Note the distinctive colour of the bill, black on top and orange along the side:



Gadwall


After leaving the ducks and the yellowlegs, I saw a hummingbird among the jewelweed, several Cedar Waxwings, and a Black-throated Green Warbler all in the same area at the back of the trail. From there I went to the meadow where I did find a couple of large mosaic darners flying above the fields. One of these darners chasing a smaller, pale dragonfly caught my attention. I thought the smaller one might be a Common Green Darner, but when it landed in the grass I could see that the eye colour was a beautiful dark brownish-red. I believe it was a Wandering Glider, but when I tried to edge closer, I either lost it among the grass or it flew off without me seeing it.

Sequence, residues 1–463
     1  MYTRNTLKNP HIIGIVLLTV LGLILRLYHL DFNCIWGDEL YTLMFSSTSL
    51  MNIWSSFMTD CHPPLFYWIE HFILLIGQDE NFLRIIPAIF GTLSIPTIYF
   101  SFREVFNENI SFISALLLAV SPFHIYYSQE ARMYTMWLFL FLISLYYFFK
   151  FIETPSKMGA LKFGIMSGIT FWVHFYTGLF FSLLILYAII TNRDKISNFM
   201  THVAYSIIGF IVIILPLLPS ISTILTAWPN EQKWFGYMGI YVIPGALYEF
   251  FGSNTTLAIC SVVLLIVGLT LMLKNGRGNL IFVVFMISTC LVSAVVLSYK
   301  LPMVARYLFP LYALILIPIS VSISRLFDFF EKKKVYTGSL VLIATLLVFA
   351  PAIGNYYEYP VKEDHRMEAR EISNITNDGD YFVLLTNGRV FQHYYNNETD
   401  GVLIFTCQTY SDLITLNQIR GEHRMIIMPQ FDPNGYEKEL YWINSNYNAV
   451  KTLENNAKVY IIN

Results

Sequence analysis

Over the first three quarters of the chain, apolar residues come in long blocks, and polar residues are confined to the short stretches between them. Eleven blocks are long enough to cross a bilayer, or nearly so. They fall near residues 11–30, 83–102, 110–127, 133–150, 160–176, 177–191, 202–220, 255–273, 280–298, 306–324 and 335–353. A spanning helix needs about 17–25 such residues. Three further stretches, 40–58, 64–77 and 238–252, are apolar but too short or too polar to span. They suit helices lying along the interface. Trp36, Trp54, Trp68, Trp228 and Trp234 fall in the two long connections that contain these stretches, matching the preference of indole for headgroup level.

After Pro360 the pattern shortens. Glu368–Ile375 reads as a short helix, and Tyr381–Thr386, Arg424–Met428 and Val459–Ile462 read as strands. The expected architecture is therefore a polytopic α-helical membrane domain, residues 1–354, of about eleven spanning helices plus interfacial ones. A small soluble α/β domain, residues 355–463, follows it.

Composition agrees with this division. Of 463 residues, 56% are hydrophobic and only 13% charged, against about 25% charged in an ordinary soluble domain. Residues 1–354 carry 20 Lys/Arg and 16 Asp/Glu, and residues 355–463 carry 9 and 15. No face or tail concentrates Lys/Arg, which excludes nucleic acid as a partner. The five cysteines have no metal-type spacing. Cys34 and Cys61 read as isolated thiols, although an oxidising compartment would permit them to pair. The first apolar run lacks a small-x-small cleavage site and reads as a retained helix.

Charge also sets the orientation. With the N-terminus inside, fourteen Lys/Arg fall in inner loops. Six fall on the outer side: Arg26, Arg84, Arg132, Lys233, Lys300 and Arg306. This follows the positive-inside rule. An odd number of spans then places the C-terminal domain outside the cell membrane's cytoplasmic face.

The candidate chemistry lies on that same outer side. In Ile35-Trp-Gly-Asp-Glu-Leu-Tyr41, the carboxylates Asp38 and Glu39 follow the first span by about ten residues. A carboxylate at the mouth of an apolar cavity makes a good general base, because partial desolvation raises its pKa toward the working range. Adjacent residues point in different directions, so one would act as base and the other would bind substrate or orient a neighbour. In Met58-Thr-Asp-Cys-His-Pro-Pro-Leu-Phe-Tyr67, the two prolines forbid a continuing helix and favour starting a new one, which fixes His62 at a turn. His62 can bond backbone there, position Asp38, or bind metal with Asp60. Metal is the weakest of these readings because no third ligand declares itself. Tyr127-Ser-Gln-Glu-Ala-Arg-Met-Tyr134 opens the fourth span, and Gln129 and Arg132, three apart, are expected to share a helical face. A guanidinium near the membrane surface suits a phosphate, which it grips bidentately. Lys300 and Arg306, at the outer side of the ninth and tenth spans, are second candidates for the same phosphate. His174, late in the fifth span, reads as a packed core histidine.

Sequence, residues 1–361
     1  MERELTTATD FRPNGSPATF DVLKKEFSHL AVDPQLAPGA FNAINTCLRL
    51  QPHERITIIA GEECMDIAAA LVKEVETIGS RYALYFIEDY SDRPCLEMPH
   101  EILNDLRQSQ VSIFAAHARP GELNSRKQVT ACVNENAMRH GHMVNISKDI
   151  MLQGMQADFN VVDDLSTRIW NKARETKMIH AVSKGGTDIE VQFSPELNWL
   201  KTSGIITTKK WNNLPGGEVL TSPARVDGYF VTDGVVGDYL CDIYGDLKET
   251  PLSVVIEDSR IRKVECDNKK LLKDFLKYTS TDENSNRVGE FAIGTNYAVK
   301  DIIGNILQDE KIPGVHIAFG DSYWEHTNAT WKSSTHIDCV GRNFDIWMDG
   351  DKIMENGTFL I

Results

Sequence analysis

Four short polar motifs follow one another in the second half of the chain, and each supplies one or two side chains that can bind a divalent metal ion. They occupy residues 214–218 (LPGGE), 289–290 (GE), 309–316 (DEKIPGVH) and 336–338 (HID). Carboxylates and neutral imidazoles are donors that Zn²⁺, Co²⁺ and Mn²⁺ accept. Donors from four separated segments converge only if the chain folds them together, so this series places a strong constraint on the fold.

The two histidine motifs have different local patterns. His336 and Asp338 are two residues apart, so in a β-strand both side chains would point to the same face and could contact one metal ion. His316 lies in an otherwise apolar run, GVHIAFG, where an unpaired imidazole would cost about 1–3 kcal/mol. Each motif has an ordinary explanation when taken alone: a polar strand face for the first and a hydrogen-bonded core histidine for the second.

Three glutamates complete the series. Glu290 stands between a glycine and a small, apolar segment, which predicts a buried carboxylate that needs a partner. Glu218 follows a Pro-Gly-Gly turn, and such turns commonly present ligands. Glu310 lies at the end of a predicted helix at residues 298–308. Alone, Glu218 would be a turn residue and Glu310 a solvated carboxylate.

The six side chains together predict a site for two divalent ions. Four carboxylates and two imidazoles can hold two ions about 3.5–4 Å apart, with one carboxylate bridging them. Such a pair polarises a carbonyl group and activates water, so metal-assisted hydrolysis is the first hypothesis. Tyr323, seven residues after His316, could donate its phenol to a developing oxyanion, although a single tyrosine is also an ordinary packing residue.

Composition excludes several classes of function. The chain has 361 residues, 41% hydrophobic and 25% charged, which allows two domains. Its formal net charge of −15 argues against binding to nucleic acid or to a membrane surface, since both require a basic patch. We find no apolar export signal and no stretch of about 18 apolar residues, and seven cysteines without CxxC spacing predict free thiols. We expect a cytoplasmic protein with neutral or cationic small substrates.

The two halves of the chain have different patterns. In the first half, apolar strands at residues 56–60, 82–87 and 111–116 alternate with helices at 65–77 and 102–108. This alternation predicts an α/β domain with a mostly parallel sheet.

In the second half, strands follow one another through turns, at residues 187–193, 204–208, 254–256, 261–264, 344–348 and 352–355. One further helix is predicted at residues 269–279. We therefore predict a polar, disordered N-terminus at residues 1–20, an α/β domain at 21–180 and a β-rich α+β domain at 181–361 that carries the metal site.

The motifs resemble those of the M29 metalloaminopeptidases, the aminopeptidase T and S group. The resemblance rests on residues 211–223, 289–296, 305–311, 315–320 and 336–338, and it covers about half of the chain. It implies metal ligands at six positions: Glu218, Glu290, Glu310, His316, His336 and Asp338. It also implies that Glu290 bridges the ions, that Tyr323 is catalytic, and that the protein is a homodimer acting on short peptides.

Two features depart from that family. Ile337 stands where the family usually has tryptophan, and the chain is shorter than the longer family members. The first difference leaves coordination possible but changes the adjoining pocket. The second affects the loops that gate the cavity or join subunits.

That was it for my outing on Saturday, but I had plans to spend Sunday with Chris L. for a morning of birding and dragonflying. We decided to venture out to Shirley's Bay first to look for shorebirds and egrets. The egrets were absent, and the only shorebirds we found were two Solitary Sandpipers sitting on logs in the bay and a Spotted Sandpiper along the dyke. However, we did find a Palm Warbler and a Blackpoll Warbler in the trees along the dyke as well.



Blackpoll Warbler


One of the confusing fall warblers, this species can be separated from the similar Bay-breasted Warbler by its faintly streaky chest and flanks and its flesh-coloured legs. Sometimes a hint of a dark cap can be seen as well.



Blackpoll Warbler


There were a few flocks of ducks in the bay as well. We saw some Wood Ducks, American Wigeons, a female scaup, some Blue-winged Teals and the usual mallards. Double-crested Cormorants flew by and were seen further out in the river, and both a Kingfisher and a Great Blue Heron were fishing in the bay. We didn't see many songbirds at all, and this may have been partly the result of the strong east winds that were blowing.